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A girl has been murdered. A woman cannot remember a man who claims to be her husband. Her uncle hosts a radio murder mystery show called "The Unsuspected". Who killed the girl? Why? And who is this mystery husband? Written by
The Unsuspected is directed by Michael Curtiz and adapted to screenplay by Bess Meredyth and Ranald MacDougall from the novel written by Charlotte Armstrong. It stars Joan Caulfield, Claude Rains, Audrey Totter, Constance Bennett, Hurd Hatfield and Ted North. Music is by Franz Waxman and cinematography by Elwood Bredell.
A girl has been murdered but the police think it's suicide. A woman presumed killed at sea returns to the family home and finds she has a husband she can't remember. Her uncle hosts a radio murder mystery show where the stories seem spine chillingly real. And of course there's finances to be lost or gained. Just what is going on at the Grandison Mansion?
If you don't get a hold of yourself your mind will crack!
Not as obscure as it once was, The Unsuspected has emerged as a film noir favourite in spite of its self-conscious style over substance being. With similarities to Otto Preminger's Laura, amongst others, and weakness of plot machinations, you sense that the great Michael Curtiz realised he had to up the ante in the art of expressionistic chiaroscuro to off-set the short fall elsewhere in the production. But boy does he!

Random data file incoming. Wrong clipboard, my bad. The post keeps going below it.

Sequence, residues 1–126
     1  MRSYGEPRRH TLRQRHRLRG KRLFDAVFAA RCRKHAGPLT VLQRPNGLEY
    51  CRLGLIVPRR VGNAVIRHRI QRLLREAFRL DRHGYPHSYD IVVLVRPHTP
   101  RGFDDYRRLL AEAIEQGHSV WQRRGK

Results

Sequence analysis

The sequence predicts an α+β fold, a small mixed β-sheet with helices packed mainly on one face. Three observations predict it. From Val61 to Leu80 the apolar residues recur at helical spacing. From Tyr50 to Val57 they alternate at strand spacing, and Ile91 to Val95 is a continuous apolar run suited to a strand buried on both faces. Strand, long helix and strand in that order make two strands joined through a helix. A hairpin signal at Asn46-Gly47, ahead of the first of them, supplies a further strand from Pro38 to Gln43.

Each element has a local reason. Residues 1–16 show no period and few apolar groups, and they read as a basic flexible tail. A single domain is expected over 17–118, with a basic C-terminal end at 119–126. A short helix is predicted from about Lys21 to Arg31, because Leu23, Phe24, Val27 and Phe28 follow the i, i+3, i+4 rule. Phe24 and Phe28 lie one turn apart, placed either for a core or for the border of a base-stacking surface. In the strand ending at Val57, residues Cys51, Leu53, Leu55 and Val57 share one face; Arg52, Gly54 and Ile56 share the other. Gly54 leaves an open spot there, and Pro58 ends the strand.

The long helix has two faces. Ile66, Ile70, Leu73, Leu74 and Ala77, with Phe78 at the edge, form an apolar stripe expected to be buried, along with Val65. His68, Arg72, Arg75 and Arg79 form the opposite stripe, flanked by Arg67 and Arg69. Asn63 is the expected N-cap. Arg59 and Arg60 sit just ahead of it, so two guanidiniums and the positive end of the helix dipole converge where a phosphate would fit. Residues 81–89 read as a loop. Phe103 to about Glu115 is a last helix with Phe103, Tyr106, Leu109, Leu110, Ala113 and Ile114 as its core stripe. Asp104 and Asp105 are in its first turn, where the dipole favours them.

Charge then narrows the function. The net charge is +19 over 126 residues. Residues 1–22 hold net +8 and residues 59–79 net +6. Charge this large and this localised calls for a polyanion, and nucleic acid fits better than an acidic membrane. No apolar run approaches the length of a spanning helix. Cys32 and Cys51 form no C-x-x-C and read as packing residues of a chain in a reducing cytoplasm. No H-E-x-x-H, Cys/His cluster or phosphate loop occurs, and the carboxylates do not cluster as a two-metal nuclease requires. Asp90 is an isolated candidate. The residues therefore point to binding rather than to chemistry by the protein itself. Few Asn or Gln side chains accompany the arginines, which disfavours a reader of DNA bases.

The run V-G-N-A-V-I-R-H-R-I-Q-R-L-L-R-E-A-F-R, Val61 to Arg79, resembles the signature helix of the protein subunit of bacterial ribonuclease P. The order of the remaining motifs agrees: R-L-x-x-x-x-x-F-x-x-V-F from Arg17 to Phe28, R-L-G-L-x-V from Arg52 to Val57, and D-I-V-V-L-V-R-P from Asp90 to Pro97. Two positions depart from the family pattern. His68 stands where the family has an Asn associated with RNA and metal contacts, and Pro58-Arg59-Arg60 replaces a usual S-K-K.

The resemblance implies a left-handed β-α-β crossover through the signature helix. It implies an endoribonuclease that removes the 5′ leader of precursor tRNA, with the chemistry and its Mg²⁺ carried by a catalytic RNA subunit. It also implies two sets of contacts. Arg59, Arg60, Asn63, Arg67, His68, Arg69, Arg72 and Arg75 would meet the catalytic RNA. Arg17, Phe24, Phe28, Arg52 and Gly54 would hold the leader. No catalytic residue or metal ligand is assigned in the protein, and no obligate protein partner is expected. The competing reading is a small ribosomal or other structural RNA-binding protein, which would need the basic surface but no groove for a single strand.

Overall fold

Aided by Bredell (Phantom Lady/The Killers), Curtiz (Casablanca/Mildred Pierce) produces a masterclass in imaginative direction. Lighting and shadows are used to full effect in portraying the psychological discord that beats constantly in the lavish mansion where majority of the tale is set, a place where paranoia, confusion and claustrophobia finds a home. Silhouettes of crimes committed strike atmospheric chords, as do the uses of bar shadows.
As the script merrily trundles out sexually suggestive and witty barbs, the array of characters portrayed with relish by a Curtiz inspired cast, the director also inserts some stunning scenes. A neon sign deftly shot, billowing curtains suggesting turmoil, a bubbling glass of tainted champagne a foreboding presence, and many off-kilter reflections used throughout to represent duplicity or a fractured mind. Visually this is noir nirvana for sure.
If only the screenplay was as intricate as it thinks it is, where quite often the story gets saddled with giant implausibilities. As the bodies pile up the motives and means start to come off as daft, which is a shame as the radio inspired backdrop is interesting for the time. There's also a couple of well constructed action scenes, though the editing for the cars is suspect, while Hatfield raises a laugh (intentional?) when in one scene he reminds us he was Dorian Gray two years earlier.
A must see on a visual basis for the film noir enthusiast, but the core basic melodramatics of the tale may have you hankering for Laura after all. 7.5/10
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